Loyalty is key for me. I wasn’t surprised when I got this word. It serves as a great reminder to revisit what this means, especially as I experienced such profound disloyalty from so many this past year.
What is loyalty? Is it a virtue?Is it value based? Is it practical or sentimental? Is it faithfulness? A moral obligation? A promise? Is it unselfish? Is it earned or is it given unconditionally? Does it require an oath? Is it inclusionary?
What is disloyalty? Is it spiritual treason? Does this look like infidelity? Can one be honorable and disloyal? Is this selfish?
And HOW does one practice loyalty?
For further contemplation: Loyalty is defined as “anything to which one’s heart can become attached or devoted” may also become an object of loyalty—principles, causes, brands, ideas, ideals, and ideologies (Konvitz, 108). Royce himself argued that loyalty is the “willing and practical and thoroughgoing devotion of a person to a cause” (Royce, 1908, 16–17). In response, those who personalize the objects of loyalty point out that we have equally available to us the language of commitment or devotion and, in the case of what is spoken of as “loyalty to one’s principles,” we have the language of integrity.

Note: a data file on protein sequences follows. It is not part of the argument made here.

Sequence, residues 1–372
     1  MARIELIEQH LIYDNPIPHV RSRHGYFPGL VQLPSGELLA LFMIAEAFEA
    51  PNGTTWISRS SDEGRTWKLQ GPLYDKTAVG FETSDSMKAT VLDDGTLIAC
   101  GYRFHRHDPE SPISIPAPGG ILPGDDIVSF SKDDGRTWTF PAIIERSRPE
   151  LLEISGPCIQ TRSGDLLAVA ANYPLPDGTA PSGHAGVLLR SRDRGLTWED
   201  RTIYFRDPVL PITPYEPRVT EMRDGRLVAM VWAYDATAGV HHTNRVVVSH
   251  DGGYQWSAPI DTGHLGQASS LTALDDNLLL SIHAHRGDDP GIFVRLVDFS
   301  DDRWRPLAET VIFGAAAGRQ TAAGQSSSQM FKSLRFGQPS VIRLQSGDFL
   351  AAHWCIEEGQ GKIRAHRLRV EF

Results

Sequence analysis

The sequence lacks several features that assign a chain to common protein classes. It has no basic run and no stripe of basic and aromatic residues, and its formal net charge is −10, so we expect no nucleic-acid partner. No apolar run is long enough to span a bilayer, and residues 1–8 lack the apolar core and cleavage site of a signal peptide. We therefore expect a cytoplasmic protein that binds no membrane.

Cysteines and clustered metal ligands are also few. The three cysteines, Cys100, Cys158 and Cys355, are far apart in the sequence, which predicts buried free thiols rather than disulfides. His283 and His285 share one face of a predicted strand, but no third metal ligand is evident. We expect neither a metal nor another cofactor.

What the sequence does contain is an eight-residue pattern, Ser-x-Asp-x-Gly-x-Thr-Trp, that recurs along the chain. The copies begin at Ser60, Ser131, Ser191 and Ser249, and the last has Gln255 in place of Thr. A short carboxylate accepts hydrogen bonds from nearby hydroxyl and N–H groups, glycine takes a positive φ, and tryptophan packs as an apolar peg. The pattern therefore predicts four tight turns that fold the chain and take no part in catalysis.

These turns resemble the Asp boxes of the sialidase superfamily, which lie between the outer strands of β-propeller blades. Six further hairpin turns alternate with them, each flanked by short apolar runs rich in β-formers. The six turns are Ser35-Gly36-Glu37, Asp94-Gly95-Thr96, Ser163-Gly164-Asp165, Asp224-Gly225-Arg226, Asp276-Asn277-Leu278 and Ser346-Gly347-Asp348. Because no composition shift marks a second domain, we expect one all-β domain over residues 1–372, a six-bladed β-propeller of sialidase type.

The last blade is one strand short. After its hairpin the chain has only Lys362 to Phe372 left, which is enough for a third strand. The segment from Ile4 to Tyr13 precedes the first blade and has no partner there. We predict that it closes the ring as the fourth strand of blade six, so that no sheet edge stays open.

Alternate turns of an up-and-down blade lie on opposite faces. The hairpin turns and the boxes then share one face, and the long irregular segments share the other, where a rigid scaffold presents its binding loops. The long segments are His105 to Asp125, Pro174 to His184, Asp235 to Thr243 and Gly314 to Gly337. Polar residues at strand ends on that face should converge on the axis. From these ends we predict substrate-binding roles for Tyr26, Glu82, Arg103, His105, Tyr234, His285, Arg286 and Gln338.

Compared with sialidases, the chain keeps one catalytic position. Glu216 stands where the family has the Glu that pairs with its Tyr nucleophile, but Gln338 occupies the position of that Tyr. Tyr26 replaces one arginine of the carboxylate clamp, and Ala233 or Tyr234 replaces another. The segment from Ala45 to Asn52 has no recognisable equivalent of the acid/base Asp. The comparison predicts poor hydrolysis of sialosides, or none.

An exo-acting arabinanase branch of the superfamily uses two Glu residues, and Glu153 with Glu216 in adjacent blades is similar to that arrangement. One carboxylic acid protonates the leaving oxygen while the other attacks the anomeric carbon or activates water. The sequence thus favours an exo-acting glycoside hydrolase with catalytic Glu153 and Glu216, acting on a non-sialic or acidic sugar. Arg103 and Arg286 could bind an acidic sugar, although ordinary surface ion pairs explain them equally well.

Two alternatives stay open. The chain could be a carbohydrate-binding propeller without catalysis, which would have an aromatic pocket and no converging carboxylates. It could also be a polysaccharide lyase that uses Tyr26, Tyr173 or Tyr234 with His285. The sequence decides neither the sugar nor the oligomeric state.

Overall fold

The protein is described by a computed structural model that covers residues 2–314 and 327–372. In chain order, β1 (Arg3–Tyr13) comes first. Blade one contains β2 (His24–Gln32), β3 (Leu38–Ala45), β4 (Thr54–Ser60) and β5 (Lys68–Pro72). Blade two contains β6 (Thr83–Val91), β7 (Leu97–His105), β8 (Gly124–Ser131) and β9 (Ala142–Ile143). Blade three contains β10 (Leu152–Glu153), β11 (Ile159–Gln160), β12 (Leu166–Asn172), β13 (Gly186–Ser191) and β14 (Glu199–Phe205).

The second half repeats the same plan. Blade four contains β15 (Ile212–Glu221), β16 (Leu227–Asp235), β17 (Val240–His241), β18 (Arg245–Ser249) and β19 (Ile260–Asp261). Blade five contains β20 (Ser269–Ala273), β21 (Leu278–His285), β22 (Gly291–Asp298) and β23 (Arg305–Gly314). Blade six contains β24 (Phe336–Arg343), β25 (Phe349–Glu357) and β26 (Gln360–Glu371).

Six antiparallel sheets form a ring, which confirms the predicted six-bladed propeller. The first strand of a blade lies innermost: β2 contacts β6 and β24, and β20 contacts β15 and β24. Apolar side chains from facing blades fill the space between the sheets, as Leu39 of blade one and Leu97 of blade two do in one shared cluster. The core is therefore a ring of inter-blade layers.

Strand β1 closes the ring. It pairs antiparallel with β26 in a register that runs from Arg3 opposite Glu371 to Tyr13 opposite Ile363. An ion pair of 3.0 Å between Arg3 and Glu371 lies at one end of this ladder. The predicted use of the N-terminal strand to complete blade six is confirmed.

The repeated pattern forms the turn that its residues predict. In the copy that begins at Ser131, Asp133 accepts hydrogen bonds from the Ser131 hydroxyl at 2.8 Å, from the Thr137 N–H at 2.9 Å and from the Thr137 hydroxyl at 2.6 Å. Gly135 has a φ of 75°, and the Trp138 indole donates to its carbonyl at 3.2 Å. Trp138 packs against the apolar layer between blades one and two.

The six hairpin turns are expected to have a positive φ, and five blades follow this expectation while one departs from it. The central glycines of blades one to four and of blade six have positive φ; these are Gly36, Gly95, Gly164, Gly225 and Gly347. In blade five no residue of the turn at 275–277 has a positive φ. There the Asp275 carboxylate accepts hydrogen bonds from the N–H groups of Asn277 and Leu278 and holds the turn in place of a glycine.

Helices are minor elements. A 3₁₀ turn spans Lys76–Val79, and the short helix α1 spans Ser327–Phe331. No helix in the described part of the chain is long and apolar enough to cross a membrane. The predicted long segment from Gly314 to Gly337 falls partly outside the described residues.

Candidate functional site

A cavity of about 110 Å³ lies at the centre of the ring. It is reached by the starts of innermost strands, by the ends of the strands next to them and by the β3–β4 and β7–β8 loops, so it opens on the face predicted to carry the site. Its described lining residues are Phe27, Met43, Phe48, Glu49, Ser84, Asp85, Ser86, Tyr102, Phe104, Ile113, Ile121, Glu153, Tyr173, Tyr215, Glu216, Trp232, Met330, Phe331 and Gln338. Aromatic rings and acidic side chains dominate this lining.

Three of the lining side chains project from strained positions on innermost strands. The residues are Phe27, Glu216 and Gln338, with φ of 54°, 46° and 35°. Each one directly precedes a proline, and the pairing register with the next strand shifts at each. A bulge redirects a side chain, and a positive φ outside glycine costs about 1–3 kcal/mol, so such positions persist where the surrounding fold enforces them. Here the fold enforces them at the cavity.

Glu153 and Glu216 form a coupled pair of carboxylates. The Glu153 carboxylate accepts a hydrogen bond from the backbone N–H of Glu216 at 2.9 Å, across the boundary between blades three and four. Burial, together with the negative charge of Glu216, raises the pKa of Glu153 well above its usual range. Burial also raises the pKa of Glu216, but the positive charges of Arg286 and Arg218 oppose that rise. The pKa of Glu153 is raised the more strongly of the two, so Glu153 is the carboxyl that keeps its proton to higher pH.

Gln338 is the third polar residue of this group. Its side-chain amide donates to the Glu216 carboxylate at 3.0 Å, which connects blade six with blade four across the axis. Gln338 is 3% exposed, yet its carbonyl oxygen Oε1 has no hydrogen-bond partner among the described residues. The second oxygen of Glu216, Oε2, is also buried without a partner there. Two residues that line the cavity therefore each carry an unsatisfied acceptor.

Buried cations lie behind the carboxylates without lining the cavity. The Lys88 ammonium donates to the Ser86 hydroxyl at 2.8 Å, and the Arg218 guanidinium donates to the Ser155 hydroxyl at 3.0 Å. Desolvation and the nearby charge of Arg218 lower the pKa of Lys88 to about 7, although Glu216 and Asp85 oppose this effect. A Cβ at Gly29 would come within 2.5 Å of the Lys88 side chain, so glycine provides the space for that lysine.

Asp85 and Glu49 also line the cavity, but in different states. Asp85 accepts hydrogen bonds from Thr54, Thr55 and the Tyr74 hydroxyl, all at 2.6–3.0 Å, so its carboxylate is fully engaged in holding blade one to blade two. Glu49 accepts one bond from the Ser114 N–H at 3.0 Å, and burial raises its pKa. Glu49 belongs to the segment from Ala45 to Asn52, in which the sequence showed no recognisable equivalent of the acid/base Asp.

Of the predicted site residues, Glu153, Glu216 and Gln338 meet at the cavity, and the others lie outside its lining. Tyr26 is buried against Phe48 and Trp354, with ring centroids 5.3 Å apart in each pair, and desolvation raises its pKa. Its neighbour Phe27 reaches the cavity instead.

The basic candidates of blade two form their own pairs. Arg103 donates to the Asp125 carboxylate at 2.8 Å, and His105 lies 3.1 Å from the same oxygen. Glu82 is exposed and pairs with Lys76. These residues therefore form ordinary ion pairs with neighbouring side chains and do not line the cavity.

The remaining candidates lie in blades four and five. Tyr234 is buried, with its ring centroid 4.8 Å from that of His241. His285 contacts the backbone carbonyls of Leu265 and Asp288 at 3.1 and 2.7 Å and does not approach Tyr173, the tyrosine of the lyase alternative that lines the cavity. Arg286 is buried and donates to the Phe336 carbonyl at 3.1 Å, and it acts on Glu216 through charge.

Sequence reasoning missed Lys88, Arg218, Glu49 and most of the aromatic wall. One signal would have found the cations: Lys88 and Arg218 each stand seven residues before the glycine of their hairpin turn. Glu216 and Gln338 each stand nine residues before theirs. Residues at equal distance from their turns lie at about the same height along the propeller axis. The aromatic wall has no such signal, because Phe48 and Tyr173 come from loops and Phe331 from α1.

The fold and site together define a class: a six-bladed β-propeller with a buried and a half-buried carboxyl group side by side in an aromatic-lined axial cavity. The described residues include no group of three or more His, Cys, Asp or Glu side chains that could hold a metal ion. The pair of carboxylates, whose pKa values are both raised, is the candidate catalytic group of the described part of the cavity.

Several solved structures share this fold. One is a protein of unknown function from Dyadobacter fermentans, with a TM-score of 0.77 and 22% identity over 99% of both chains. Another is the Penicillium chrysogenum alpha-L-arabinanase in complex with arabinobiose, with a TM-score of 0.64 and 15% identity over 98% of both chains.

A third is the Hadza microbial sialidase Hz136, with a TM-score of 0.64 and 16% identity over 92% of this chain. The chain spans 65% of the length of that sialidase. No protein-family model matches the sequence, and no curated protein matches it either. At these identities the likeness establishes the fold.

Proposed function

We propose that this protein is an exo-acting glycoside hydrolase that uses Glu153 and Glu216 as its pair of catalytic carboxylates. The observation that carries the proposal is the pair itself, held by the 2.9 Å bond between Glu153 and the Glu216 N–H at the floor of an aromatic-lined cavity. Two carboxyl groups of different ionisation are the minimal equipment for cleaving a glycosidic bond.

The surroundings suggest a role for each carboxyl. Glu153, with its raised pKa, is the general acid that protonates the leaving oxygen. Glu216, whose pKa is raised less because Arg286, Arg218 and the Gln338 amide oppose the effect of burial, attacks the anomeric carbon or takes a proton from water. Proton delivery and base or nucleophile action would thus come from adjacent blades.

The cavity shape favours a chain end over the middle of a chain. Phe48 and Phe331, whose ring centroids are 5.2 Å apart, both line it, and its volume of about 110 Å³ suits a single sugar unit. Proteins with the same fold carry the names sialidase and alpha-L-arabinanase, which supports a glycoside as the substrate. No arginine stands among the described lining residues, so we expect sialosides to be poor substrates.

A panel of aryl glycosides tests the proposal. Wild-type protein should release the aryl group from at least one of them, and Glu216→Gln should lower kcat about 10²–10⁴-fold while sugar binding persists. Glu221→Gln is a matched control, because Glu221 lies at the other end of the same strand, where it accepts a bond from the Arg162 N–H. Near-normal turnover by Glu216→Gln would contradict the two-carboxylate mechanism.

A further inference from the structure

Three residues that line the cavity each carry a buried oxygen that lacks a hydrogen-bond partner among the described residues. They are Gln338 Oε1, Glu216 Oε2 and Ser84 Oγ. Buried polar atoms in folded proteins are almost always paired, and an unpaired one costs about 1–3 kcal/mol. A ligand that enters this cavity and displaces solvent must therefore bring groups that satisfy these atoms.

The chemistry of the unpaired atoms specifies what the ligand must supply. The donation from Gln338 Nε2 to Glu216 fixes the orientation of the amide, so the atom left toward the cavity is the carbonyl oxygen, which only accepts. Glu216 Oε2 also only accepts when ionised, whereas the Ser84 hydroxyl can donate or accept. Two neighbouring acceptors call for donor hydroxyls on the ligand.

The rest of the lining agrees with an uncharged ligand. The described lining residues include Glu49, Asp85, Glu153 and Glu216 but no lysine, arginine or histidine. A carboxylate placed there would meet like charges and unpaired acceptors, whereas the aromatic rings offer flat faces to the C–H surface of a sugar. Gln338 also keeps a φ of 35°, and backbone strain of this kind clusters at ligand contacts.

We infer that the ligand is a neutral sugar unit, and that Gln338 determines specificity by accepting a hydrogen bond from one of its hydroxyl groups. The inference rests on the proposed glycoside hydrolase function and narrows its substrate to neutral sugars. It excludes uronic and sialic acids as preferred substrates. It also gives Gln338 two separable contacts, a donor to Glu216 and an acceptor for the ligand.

Konvitz, Milton, 1973, “Loyalty,” in Philip P. Wiener (ed), Encyclopedia of the History of Ideas, New York: Scribner’s, Vol. III, pp. 108–16.
Royce, Josiah, 1908, The Philosophy of Loyalty, New York: Macmillan.